Spruce Knob Forest is within the Spruce Knob-Seneca Rocks National Recreation Area, and is just a few miles from Spruce Knob Lake.  The enchanting forest offers tremendous 40-mile-long views, a rich and biodiverse ecosystem, immediate commercial timber value, and native trout stream. 

Agent Contact:
Richard Grist, 304-645-7674


Pendleton County (pop. 7,695) has long been counted among the most dramatically beautiful counties in West Virginia.  Spruce Knob Forest (SKF) is within the Spruce Knob-Seneca Rocks National Recreation Area, and is just a few miles from Spruce Knob Lake.  The enchanting forest offers tremendous 40-mile-long views, a rich and biodiverse ecosystem, immediate commercial timber value, and native trout stream.  It borders the Monongahela National Forest and directly connects to its trail system.  SKF is convenient to all the recreation and cultural activities in the Potomac Highlands.

With an elevation of 4,863′, Spruce Knob is the highest mountain in West Virginia, and the highest peak in the Allegheny Mountains.  Franklin is the county seat, and this property is a 90-minute drive from Harrisonburg, Virginia.

Historically, the land in this area has been in the same families for generations. Parcels this size near Spruce Knob rarely come up for sale in the open market.


  • 115.19 surveyed acres multi-use timber investment, recreational and biologically diverse property
  • Borders the Monongahela National Forest with 2000′ feet frontage.
  • Elevation is nearly 4000’, offering 40-mile-long views across distant mountain ranges and pastoral valley’s below
  • Lies within the Spruce Knob-Seneca Rocks National Recreation Area
  • $200,000.00 estimated Timber Value available for immediate harvest to offset purchase and holding costs
  • The property’s survey plat is on record at the courthouse
  • Back Run, a year-round stream flows north to south through the width of the property
  • Native Brook Trout inhabit the waters of Back Run
  • Excellent access with extensive frontage on year-round state-maintained roads
  • Forest trails for ATV riding, hiking, camping, hunting and nature viewing
  • Electric line is on the property.  Phone service available
  • Dark skies with little or no light pollution for star gazing and planet observation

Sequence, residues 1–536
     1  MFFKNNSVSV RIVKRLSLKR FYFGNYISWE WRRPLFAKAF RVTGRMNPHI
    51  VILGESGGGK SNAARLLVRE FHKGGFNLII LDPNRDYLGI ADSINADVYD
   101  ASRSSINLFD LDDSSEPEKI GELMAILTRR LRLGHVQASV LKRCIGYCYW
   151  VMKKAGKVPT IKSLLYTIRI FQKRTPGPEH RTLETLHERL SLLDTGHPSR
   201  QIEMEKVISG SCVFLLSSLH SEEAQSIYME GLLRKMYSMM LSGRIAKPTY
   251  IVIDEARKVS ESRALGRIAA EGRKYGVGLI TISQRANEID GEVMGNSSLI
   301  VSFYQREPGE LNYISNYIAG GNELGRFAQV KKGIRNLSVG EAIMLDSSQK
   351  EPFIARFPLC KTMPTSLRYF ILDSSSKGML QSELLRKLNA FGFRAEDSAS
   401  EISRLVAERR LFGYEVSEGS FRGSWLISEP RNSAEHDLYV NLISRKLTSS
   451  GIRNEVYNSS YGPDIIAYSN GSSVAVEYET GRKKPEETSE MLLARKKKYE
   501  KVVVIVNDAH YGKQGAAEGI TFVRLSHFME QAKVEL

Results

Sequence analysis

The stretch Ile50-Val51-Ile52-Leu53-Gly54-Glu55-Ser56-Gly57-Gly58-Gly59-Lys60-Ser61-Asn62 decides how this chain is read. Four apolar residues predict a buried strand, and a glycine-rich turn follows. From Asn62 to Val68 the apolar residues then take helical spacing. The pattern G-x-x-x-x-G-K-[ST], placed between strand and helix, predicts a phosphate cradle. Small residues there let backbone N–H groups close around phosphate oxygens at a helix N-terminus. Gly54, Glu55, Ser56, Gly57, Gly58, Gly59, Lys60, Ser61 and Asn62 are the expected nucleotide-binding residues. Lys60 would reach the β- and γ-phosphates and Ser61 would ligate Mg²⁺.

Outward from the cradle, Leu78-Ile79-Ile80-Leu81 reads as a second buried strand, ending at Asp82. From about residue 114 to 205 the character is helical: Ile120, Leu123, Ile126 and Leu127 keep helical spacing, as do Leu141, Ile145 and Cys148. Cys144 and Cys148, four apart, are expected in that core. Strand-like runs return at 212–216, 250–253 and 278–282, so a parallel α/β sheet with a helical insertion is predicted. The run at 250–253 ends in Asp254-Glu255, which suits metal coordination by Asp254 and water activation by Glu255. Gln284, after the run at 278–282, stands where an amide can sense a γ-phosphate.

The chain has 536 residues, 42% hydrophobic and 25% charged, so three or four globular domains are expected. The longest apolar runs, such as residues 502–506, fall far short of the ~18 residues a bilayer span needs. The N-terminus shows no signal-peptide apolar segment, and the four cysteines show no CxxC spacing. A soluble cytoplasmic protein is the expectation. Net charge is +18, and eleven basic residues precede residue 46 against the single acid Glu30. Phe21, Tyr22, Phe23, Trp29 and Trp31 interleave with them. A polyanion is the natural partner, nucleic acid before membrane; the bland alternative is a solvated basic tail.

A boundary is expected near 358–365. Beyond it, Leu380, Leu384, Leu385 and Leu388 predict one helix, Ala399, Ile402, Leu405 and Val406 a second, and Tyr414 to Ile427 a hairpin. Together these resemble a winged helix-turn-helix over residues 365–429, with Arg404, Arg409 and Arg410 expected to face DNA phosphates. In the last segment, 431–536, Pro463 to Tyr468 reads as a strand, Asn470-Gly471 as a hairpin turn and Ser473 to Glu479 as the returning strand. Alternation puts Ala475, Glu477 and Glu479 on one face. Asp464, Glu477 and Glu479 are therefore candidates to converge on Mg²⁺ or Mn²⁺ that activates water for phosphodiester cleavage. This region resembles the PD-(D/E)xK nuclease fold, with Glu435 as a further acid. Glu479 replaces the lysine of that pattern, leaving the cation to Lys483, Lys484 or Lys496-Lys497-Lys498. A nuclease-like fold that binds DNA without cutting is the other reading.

• Large size lends itself to create a wonderful country retreat – very private but not remote
  • Two lots of five to 1o acres each can be sold off along Sawmill Run Road
  • The mature forest is comprised of Red Oak, White Oak, Sugar Maple, Red Maple, Cherry Hickory, and Poplar
  • Perfect for all water sport activities supported by the region’s lakes and rivers
  • Small town amenities are available in nearby Franklin
  • Large city amenities are available in Harrisonburg VA, a 90-minute drive
  • Four-hour drive to Washington DC
  • Amazing resident wildlife population rich in diversity and ever changing
  • One hour drive to Snowshoe Mountain Ski Resort
  • Fur bearing – deer, black bear, squirrel, rabbit, bobcat, raccoon, fox, chipmunk, opossum
  • Area winged wildlife includes Neotropical songbirds, turkey, grouse, eagles, herons, hawks, owls, ravens, king fishers, ravens, crows, and hummingbirds
  • Dynamic forest with some old growth trees estimated to be 150-200 years old
  • Rock outcroppings for rock climbing, bouldering and exploring
  • Forest soaks up tons of Carbon Dioxide and produces tons of life-giving oxygen
  • A rewarding off-grid permaculture lifestyle can be easily developed
  • Cell phone coverage is good on the ridges, sketchy in the deeper hollows.
  • Surrounded by the Monongahela National Forest, mountain farms, and large timber tracts in a quiet rural neighborhood
  • Low taxes, low population density
  • All water, subsurface and mineral rights in title will convey
  • No current gas or oil lease
  • Convey by General Warranty Deed


Google Coordinates: 38.652415°(N), -79.570530°(W)
Address: Sawmill Run Road, Circleville, WV 26804. No 911 address assigned to a property without residential structures.
Elevation Range: 3145 ft. to 3848 ft. +/-


Driving destination Google Coordinates: 38.652415 (N), -79.570530 (W)

From Franklin, WV:  26 Miles +/- (40 Minutes +/-)